The Honoured Inductees to the SINGAPORE WOMEN’S HALL OF FAME

Meet the remarkable women of Singapore and be inspired by their stories! Explore the Hall by category of achievement, or browse through the alphabetical list of their names. In future, you will be able to view the honourees by their year of induction.

MARY BEATRICE KLASS

Pioneering athlete

Mary Beatrice Klass was in 1954 one of the two fastest women in Asia. Representing Singapore at the Asian Games in Manila, the 19-year-old tied with crowd favorite Japanese sprinter Atsuko Nambu at 12.5s in the 100-metre race. Without the sophisticated sports timing technology of today, race officials had to decide who should get the gold, and awarded it to the Japanese runner. 
 
‘A little girl with lots of pluck’ was how The Straits Times described Mary in its report ln the race. It said that Mary had stunned everyone with her amazing effort as she had, in the semi-finals, been beaten by her Japanese rival by a good three yards.
 
Mary represented Singapore in the senior team at the 1956 Melbourne Olympics. Though she did not progress beyond her heats in the 100 metres and 200 metres, Mary’s time of 26.3s in the 200-m heats was a Malayan record.
 
A Eurasian of Dutch and Portuguese descent, Mary burst on the athletic scene in 1953 at the Singapore Amateur Athletic Association (A.A.A.) championship, beating the ‘Helsinki Girl’ Tang Pui Wah. The relative newcomer won the 100-yard event (12.5s) and tied for first place in the 220-yard event (29s).
 
Mary is quoted in the book To the Finishing Line: “And I never knew about my potential until 1952, when I was seventeen, I think. Then I went into athletics. We had all these combined meetings and I just ran. And in 1953, at the Coronation Meet, that’s where I ran and made a name for myself.” 
 
At the contest on June 3, 1953 between Civilians and Services, Mary who was entered as ‘Betty Clark’ won the 100 yards in 12.2s.
 
A student at St. Anthony’s Convent until the age of 13, she was a regular participant in the sports events organised by the Eurasian Youth League. After her debut at the Singapore A.A.A. event in 1952, Jocelyn de Souza, uncle of fellow sprinter Eleanor Ross, got Mary into the Achilles Club. He lined up coaching sessions for Mary and was one of her biggest supporters for many years.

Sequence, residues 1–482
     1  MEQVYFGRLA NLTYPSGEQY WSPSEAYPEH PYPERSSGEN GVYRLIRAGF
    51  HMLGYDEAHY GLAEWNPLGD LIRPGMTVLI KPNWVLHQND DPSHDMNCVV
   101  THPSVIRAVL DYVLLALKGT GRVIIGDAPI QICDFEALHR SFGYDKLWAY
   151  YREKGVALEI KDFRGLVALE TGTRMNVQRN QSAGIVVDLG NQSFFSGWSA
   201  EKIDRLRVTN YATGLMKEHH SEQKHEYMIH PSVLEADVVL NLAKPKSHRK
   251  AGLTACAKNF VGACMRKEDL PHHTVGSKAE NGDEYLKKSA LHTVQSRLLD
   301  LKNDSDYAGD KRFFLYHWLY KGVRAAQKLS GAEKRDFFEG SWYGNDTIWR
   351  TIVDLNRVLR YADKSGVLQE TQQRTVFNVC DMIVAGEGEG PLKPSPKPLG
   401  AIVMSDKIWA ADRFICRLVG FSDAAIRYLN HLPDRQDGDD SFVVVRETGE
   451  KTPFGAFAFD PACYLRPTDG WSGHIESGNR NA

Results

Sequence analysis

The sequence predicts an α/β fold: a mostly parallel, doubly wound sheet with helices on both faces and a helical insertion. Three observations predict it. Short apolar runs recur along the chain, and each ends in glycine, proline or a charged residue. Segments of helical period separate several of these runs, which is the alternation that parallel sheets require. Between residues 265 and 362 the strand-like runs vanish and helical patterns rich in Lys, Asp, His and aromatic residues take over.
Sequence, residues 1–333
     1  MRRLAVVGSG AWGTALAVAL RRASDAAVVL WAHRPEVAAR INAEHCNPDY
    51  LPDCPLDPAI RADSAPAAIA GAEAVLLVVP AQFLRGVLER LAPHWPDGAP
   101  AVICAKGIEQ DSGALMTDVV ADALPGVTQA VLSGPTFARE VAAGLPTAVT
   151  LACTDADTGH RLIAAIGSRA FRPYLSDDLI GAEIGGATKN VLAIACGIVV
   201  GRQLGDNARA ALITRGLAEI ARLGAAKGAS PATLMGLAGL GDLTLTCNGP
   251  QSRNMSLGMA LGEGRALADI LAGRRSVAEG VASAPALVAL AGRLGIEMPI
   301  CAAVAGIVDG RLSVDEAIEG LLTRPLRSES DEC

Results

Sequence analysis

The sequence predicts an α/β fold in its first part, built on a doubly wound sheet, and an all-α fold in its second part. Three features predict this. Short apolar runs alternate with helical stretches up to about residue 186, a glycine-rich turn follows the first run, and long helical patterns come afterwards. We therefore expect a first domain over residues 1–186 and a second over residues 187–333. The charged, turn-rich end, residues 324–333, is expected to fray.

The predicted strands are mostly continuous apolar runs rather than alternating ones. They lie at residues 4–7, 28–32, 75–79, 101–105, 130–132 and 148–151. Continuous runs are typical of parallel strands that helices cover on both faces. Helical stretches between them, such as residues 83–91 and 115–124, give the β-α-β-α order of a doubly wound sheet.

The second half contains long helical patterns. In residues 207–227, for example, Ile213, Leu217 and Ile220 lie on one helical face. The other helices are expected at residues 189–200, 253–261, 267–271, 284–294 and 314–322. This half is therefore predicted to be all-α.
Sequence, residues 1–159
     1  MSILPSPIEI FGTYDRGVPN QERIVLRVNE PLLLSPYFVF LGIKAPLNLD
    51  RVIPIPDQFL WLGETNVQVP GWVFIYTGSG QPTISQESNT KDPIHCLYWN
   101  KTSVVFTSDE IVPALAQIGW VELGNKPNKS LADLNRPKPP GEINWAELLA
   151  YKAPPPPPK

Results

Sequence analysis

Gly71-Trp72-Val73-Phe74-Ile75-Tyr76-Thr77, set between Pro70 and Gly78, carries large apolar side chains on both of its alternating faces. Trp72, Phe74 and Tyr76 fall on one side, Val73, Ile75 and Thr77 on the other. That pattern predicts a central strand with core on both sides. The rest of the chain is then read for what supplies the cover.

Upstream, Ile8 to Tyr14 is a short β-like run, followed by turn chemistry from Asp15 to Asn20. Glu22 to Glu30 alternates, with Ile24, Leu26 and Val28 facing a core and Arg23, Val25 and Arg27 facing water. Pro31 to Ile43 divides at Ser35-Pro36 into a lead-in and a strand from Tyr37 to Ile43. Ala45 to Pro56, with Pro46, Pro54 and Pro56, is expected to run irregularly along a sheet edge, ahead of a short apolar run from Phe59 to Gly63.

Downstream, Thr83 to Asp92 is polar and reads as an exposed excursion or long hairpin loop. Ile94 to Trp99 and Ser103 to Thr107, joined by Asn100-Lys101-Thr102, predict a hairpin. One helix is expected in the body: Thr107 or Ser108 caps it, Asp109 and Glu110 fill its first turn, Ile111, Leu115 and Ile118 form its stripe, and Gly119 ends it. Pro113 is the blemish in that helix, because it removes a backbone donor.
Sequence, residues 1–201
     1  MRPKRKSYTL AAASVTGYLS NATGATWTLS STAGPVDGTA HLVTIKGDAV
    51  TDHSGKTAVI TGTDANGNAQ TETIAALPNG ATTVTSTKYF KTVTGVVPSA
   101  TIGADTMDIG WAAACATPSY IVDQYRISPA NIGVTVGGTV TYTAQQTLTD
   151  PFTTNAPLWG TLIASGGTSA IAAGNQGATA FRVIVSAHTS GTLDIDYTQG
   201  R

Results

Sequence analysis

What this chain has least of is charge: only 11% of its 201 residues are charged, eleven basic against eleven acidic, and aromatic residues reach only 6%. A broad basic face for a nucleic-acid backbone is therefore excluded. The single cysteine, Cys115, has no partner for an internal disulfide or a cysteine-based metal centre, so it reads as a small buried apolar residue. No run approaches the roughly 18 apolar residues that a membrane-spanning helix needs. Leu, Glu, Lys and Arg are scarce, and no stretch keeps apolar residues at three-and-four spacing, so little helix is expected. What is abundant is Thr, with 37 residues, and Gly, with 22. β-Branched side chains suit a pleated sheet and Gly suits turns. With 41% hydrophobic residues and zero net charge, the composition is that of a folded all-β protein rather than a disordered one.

After the Manila Asian Games, Mary continued to smash records. At the Malayan A.A.A championships in 1955, she won the Best Performance Cup after setting a new record for the 100 yards (11.5s) and equalling the record for the 220 yards (26.7s).
 
At the 1956 Malayan A.A.A championships, despite an ankle injury a month earlier which forced her to miss critical training and practice sessions, Mary again set records. She clocked 11.2s for the 100 yards and 26.4 s for 220 yards. 
 
“I suppose my determination covered all the pain,” Mary said in To the Finishing Line on her victory at the 1956 Malayan A.A.A. championships despite her ankle injury.
 
After another double victory at the 1957 Merdeka Games where Mary won the 100 yards (12.2 s) and 220 yards (26.7s), the 22-year-old hung up her running shoes.
 
On her early retirement, Mary said in To the Finishing Line: “I didn’t want to race any more because there was no competition. Whenever I went to the field to run, I was running by myself, just running. Nobody else wanted to run against me.”
 
After retiring from athletics, Mary played netball and hockey for the Girls’ Sports Club.  
“I suppose my determination covered all the pain,”

Mary said in To the Finishing Line on her dramatic double victory at the 1956 Malayan A.A.A. championships despite her ankle injury.